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Just a few questions.


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Looking for some opinions.  I have a 99 with an automatic.  It's mostly a daily driver and I drive like a Grandpa. We plan on buying a camper next year, somewhere probably in the 3000 to 4000lb range, to go out a few times a year.  I just serviced the transmission and adjusted the bands.  Everything is working like it should. I'm wondering if a double deep pan and a shift kit is necessary, or if it will increase the durability of the tranny significantly.  I'm a preventative maintenance nut so the tranny will be serviced regularly with or without the mods.

Also, I'm running a stock exhaust.  Would I see any benefit from a 4" exhaust over stock with my current setup? (see sig line). I don't plan on any more performance mods, looking more for keeping the truck in good running condition for a long time.

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Governor pressure sensor and solenoid with band adjustment. Get the bigger updated solenoid. Dont know about tranny pans. Heard they arnt everything they are hyped to be. I always add a bottle of lucas trans fix just to help lubricate bands and clutches.

I love 4" exhaust. Wont help with power or mileage but will help with sound. I like mbrp 4" turbo back. Installer series

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Governor pressure sensor and solenoid with band adjustment. Get the bigger updated solenoid. Dont know about tranny pans. Heard they arnt everything they are hyped to be. I always add a bottle of lucas trans fix just to help lubricate bands and clutches.

I love 4" exhaust. Wont help with power or mileage but will help with sound. I like mbrp 4" turbo back. Installer series

Where is a good place to get the solenoid and sensor.  They are all over ebay but I want to make sure I get the Borg-Warner.

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If your trailer will truly only be in that weight range you mentioned, I don't think you would need much more than what you have now. The only thing I would be concerned about pulling the trailer is line pressure. The stock transmissions don't have much in that dept. These transmissions are problematic because of this issue. A shift kit could help raise the line pressures, but you could also look at the BD line pressure kit.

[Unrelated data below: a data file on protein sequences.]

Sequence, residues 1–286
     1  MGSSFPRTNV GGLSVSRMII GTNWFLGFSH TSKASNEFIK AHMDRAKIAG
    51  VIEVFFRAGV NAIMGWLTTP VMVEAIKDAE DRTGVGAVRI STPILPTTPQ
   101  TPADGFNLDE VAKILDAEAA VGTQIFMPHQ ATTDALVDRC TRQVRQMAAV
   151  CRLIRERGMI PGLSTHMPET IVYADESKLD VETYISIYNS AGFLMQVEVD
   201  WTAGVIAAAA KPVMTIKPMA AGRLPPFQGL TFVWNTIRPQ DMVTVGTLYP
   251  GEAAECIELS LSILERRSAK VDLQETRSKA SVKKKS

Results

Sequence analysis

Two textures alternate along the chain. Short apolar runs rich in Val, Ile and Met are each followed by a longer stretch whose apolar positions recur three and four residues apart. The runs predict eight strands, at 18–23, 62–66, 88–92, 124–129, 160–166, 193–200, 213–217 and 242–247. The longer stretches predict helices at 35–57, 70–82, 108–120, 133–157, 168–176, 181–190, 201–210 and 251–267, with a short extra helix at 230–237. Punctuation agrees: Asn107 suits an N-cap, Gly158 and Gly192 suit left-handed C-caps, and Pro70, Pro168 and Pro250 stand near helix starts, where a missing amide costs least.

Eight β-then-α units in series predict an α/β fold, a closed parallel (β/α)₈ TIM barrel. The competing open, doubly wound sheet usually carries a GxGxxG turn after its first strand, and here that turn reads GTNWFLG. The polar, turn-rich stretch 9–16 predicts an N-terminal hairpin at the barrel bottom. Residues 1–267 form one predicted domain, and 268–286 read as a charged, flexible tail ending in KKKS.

The transmission already has two methods of cooling the fluid. I would make sure that your coolant is fresh and the cooler at the front of the truck is not plugged with debris, etc.

 

Also, with what you have now, I would not think a 4" exhaust would do you much good for performance except for lower EGT's. But as long as you keep out of OD when cruising, you should be good anyways. You'll probably not even notice it back there, being that light.

 

I would say, if you do not have any already, to get your 4 gauges for the truck:

 

1. Fuel pressure

2. Boost pressure

3. EGT

4. Trans temp.

 

Your gonig to be able to have a better time driving it with being able to utilize your gauges than the other mods you mention. Remember also, because your an auto, going up mountain roads with the trailer, you will be going slow and won't be in lockup. Thats going to get the transmission oil hot.

 

I pulled a utility trailer full of stuff and had the bed of my truck full of stuff for a week long elk hunt and pulling up the mountain roads in 2nd gear got my trans fluid hot. I got concerned enough to the point that I put it in 4lo and used the lower gearing to help things out.

 

Being that you have a 2wd, you won't be able to do this. You may want to actually consider getting an aux cooler instead.

 

Here is the line pressure kit:

 

http://www.dieselperformance.com/index.php/product/index/29P

 

Aux coolers:

 

http://www.dieselperformance.com/index.php/product/index/251P

http://www.dieselperformance.com/index.php/product/index/273P